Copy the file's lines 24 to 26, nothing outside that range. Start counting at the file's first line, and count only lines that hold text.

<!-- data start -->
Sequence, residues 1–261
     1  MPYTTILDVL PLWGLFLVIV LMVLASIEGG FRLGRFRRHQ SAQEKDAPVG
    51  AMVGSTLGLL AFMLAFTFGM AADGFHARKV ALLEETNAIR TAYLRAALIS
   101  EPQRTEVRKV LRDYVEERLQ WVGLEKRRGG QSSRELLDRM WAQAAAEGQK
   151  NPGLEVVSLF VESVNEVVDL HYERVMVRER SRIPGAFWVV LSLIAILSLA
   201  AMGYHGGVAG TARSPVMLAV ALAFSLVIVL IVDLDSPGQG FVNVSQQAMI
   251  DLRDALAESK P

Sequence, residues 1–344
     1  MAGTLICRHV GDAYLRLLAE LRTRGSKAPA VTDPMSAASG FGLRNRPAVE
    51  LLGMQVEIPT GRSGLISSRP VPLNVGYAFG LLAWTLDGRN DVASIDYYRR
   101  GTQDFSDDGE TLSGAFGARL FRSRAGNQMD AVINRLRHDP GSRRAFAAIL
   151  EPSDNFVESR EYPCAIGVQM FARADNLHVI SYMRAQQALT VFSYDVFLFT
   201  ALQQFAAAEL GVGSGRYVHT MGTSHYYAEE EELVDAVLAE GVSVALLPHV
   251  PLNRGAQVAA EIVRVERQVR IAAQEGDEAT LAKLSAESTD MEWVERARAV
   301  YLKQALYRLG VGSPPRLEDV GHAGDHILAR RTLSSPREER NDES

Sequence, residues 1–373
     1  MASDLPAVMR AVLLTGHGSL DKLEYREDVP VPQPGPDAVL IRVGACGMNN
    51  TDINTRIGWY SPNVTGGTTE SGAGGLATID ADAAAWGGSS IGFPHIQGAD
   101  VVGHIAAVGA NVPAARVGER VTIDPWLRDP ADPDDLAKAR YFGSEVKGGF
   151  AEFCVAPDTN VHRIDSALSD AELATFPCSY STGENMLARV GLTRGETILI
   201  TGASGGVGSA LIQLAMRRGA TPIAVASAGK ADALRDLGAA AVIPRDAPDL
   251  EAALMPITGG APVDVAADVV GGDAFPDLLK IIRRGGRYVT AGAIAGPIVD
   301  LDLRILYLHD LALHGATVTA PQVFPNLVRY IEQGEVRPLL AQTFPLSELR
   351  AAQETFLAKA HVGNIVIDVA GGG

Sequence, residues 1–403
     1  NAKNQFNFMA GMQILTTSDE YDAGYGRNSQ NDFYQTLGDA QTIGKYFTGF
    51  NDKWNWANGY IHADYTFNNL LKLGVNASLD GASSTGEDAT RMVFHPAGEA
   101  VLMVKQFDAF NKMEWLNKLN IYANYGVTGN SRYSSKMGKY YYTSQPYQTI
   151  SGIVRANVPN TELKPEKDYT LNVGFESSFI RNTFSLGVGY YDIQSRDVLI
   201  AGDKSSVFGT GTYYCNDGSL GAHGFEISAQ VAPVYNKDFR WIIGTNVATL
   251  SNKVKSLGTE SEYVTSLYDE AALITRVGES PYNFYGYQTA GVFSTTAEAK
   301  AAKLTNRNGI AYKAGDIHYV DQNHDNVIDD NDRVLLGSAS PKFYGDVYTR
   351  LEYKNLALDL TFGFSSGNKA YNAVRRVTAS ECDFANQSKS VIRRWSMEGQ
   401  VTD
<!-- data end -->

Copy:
   351  AAQETFLAKA HVGNIVIDVA GGG

Sequence, residues 1–403
     1  NAKNQFNFMA GMQILTTSDE YDAGYGRNSQ NDFYQTLGDA QTIGKYFTGF